I dunno about that, I know around here many seniors get retail low wage jobs easily. employees love them because they are reliable, don't call out on weekend nights, are very polite (no offense teenagers but how about a "thank you") and are very flexible.


I know a number of early retirees that have simple jobs.

my sis retired as a NYC detective, ridiculously high stress, works P/t at Macy's. loves it!! No stress, no mess. The most crap she gets is from obnoxious customer, which after 20 years as a cop, she shuts them down easily. uses her salary as her Atlantic City gambling money and it gives her something to do

a good friend of mine, actual college roomie is a retired workmen comp attorney. Retired at 54, now works at planet fitness gym. loves it. scans members in, hands out towels. gets free gym use, lol and a few bucks. Has zero interest in do consulting, p/t or any other "practicing law" work.

My old tax accountant retired, life guards at the Jersey shore during summer season. Again, absolutely no desire to do ANY cpa work just wants to, as he says "be a beach bum"

now me, after 25+ years of the office politics BS, soul sucking popularity contest that my mega corp put me through, if I ever get another "job" it will totally be a mindless, drone, have a nice day gig. I agree though, if I'm going to go back to work itvwould definitely be before 65.
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Old 05-06-2016, 08:26 PM   #30
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My dad did something like this. He retired at 62, and may have pretty quickly taken a job at Walmart, or maybe he waited a couple of years. He loved WalMart and thought being a greeter would be great. Then they stuck him with lousy hours and ignored requests to block time off. Sometimes he'd have to go clean up a mess in the men's room. He had to deal with customer complaints, and people coming back in to return used gum (slight exaggeration). Basically it was the crap job that you get as a kid that motivates you to continue your education so you don't have to work places like that ever again. Think about that.

So he quit, got bored, and tried working at a home improvement store. Not too different, plus they wanted a bit more physical lifting and such that he was up for. That didn't last either. Luckily he didn't really need the money, otherwise he'd have been miserable.

To fill time, because he didn't have too many hobbies, he volunteered at a hospital for a few years. That was better because most places realize they have to keep volunteers reasonably happy or else they'll leave. But, no pay.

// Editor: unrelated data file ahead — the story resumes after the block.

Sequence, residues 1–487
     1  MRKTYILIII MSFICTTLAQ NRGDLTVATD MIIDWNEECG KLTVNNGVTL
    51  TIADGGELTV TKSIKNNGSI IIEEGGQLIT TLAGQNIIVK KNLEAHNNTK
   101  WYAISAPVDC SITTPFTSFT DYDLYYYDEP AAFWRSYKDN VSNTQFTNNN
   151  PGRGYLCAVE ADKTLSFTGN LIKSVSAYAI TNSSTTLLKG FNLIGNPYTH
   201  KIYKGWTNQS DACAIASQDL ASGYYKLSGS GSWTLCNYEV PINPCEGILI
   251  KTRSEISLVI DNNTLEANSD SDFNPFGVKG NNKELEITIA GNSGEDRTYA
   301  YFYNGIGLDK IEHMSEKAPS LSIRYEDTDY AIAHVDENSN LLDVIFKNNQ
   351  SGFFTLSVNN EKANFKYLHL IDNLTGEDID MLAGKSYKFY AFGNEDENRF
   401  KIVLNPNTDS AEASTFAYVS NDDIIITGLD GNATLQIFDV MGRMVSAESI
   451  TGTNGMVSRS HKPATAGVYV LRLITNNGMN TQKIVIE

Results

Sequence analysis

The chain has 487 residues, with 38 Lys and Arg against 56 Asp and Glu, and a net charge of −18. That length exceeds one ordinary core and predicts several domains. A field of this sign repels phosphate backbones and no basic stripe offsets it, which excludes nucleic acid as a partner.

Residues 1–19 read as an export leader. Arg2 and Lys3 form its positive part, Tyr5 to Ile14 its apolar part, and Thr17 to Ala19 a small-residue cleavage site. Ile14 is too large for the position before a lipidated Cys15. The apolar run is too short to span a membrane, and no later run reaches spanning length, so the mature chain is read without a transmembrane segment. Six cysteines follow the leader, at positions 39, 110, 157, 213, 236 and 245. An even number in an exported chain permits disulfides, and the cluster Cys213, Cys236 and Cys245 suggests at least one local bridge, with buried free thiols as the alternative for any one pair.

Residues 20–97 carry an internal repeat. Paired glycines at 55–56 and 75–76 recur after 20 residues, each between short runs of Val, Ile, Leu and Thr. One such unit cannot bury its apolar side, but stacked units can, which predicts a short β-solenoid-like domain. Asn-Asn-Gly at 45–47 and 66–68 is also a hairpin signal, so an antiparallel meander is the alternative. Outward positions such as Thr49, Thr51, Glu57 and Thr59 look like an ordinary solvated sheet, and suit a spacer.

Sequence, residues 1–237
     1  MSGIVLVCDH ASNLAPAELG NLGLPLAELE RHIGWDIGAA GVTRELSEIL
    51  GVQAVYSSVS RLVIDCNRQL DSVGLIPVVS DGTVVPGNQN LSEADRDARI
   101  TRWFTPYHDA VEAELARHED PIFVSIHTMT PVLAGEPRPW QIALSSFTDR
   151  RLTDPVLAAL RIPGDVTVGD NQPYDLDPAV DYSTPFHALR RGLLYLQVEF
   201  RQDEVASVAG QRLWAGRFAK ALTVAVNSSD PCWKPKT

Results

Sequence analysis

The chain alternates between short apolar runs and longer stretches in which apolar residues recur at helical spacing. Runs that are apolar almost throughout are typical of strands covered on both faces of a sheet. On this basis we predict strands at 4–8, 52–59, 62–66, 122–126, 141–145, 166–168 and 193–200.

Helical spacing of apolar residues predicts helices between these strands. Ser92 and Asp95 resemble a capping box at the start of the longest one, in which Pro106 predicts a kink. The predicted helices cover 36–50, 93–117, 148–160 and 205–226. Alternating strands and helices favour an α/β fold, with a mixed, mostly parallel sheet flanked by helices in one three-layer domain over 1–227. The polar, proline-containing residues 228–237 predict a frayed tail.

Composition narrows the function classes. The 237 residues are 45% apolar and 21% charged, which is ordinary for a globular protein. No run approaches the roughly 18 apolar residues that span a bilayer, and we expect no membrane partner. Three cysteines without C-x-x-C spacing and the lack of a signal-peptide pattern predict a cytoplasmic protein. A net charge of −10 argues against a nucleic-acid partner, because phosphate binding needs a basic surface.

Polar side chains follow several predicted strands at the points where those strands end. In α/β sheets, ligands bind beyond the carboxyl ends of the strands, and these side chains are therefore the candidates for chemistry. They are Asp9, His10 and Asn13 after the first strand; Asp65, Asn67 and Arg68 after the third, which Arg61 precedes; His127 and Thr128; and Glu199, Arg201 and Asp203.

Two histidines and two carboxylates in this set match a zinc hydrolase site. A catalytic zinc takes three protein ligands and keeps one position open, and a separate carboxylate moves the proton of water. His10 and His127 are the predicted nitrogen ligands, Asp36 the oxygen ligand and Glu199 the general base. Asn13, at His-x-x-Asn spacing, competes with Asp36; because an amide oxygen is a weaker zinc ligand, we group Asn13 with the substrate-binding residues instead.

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Old 05-06-2016, 08:29 PM   #31
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My plan is to retire now and go back to work at age 98.5 so yeah there's more of us. 😮


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Old 05-06-2016, 08:47 PM   #32
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I never taught before retiring and I really love it. It only takes about 10-15 hours/week and I occasionally consult in my previous field.
Choosing to work because you enjoy it is one thing. That's the FI in FIRE. Having to go back to work after experiencing freedom is a horrible concept (to me, anyway).

I have a couple of friends/ex-coworkers who, in their late 30s, cashed out all their accounts and moved down to FL. They hung out on the beaches, went to the parties, and did cool things like scuba and sailing and such. They would occasionally get a job doing something like renting rafts and beach umbrellas, but mostly just being bums. We were all highly jealous. But after about 10 years they started running out of money. The hiatus was extended for a couple more years after a particularly successful visit to the track, but that was purely serendipity.

I talked to them about 10 years ago, just as I was retiring for good at age 50. They were both back at work, had zero money put away for retirement, and intended to work for the rest of their lives. They didn't say they regretted their decision, but now that their in their 60s I wonder how they feel. I guess it's an individual choice, but there's no way I could experience that freedom then have to go back to someone else's schedule and someone else's control. Brrrr!
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Old 05-06-2016, 09:52 PM   #33